When you exercise, your heart speeds up to meet your body's energy needs. If you know your target heart rate, you can make sure you're exercising hard enough to get a good workout, but not too hard to strain your heart.
Your target heart rate is a range, expressed as percentages of your maximum heart rate. (Your maximum heart rate in beats per minutes is based on how old you are -- it's 220 minus your age.) For most people, the American College of Sports Medicine recommends a target heart rate while exercising of 50% to 85% of your maximum heart rate.
Why a range and not a single number? It depends on your fitness level. If you haven't exercised in a while or recently started, aim for a heart rate on the low end of your target heart rate, 50% to 65% of your maximum. If you're a regular exerciser, you should be in the middle of your range, 60% to 75% of your max. Very active people can pump it up to 70% to 85%, on the high end of the range.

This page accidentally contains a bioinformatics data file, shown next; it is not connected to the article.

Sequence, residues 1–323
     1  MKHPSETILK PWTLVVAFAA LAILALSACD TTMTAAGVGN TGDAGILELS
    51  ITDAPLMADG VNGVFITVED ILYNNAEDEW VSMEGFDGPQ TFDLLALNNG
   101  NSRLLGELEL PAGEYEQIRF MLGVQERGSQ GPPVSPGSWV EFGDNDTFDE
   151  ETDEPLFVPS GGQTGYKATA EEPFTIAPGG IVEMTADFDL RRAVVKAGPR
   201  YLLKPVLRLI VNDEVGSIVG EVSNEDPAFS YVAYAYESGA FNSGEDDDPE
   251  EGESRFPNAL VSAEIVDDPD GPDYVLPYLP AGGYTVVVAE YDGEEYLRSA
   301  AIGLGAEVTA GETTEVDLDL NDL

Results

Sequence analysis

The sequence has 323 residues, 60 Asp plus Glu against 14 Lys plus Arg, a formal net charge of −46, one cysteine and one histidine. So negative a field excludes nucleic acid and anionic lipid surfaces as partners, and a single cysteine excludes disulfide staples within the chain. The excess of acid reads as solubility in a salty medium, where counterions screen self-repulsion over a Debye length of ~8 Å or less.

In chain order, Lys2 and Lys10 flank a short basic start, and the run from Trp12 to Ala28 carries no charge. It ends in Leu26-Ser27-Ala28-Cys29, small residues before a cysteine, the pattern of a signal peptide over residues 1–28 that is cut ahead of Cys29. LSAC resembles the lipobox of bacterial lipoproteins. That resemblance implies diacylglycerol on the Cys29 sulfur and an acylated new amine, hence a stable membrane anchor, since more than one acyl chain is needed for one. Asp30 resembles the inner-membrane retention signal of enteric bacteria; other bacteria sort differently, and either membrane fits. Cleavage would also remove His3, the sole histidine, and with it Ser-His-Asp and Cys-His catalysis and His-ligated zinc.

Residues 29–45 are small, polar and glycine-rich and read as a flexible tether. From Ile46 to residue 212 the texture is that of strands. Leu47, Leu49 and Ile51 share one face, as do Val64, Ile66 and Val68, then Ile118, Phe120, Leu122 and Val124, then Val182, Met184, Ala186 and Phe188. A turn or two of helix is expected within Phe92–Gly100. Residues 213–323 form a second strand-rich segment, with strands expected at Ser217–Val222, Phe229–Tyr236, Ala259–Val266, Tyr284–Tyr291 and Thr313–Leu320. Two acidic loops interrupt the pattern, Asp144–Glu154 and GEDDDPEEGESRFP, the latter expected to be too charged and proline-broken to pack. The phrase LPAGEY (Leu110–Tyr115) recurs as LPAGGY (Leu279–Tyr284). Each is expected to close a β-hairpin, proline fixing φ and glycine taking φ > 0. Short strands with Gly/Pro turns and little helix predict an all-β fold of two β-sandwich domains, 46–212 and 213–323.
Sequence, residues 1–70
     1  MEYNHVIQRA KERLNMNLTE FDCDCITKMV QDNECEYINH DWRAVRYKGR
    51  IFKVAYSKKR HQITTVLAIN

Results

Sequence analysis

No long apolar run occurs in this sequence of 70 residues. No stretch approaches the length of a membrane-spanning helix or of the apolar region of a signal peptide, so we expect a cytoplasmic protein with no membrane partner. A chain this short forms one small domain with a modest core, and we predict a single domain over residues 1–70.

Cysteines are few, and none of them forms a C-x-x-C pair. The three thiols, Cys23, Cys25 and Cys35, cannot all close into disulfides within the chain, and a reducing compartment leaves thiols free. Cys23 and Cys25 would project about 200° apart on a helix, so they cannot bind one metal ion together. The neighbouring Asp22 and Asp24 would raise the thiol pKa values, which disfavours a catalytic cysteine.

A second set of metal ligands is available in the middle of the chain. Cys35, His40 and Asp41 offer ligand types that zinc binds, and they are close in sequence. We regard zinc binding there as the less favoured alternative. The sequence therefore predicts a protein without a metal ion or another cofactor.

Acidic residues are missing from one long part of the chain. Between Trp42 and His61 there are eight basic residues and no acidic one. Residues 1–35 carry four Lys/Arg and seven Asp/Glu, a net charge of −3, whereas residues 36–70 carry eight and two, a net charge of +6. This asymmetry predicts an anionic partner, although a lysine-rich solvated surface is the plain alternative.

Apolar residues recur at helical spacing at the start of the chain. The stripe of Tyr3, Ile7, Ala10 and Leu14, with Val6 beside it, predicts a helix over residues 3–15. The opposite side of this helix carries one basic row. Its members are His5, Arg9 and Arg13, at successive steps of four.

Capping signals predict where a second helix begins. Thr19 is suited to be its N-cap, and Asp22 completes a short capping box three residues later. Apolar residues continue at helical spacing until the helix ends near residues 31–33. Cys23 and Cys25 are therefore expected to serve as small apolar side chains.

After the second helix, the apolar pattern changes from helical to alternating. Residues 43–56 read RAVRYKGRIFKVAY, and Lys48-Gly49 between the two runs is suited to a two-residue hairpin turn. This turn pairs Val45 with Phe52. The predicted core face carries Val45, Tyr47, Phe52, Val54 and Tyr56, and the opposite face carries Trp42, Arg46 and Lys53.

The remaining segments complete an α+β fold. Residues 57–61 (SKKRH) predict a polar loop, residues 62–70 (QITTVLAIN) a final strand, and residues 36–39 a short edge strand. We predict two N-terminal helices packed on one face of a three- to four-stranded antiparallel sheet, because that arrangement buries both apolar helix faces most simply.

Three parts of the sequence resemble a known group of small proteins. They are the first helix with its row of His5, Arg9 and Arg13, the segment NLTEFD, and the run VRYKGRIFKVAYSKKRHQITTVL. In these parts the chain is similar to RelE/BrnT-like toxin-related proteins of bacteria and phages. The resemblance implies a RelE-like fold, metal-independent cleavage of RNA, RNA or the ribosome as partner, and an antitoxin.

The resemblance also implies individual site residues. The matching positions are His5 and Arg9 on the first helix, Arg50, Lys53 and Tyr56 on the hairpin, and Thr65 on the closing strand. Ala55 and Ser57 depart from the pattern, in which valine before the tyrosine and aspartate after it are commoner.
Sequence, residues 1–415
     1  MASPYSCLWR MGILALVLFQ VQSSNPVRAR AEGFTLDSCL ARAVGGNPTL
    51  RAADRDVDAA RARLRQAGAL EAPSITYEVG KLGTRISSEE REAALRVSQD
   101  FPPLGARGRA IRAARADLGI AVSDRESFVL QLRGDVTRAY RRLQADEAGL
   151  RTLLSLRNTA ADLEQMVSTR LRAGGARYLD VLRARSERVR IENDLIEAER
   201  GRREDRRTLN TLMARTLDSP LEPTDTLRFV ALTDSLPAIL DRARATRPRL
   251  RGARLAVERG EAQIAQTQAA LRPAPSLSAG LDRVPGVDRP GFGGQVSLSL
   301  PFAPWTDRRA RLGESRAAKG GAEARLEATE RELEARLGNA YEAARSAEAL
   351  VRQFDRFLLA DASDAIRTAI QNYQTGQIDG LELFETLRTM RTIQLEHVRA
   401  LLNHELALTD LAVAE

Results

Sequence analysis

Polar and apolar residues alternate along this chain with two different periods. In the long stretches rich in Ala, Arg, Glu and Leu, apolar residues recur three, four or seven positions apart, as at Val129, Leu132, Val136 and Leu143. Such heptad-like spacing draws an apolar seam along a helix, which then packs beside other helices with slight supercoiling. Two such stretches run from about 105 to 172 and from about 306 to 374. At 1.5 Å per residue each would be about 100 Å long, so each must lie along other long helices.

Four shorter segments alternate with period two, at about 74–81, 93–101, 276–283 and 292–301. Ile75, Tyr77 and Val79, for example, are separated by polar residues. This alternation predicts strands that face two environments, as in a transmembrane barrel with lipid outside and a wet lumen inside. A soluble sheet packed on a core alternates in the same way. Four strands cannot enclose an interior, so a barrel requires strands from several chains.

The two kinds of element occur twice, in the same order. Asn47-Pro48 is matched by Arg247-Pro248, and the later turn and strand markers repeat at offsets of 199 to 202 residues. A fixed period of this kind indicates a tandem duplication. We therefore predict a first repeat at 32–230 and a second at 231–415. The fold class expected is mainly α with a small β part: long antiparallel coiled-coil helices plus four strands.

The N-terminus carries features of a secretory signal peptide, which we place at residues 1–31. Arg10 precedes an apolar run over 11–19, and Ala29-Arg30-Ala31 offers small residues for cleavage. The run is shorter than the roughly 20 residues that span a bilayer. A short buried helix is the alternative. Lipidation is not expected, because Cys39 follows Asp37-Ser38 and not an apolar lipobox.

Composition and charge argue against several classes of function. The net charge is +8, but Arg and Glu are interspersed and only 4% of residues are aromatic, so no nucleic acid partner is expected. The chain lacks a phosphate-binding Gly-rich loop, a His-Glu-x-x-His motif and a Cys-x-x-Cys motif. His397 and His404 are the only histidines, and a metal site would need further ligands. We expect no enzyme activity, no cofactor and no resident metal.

To stay in the zone, check your heart rate regularly while you exercise. You can feel your heartbeats in several ways:
Place your fingers lightly but firmly over the inside of your wrist.
Place your fingers lightly on your neck, just below the angle of your jaw.
Place your palm on your chest over your heart.
Then count the number of beats that you feel while the seconds go by on a clock or watch. You can change the number of seconds above to see what your target heart rate range is for different time spans.
If you check your pulse at your neck, be careful not to use too much pressure because that can slow your heart down. That could be dangerous, especially for people who have blockages in the blood vessels in their necks.
Talk to your doctor if you have any questions or concerns about exercising or your target heart rate.
THIS TOOL DOES NOT PROVIDE MEDICAL ADVICE. It is intended for general informational purposes only and does not address individual circumstances. It is not a substitute for professional medical advice, diagnosis or treatment and should not be relied on to make decisions about your health. Never ignore professional medical advice in seeking treatment because of something you have read on the WebMD Site. If you think you may have a medical emergency, immediately call your doctor or dial 911.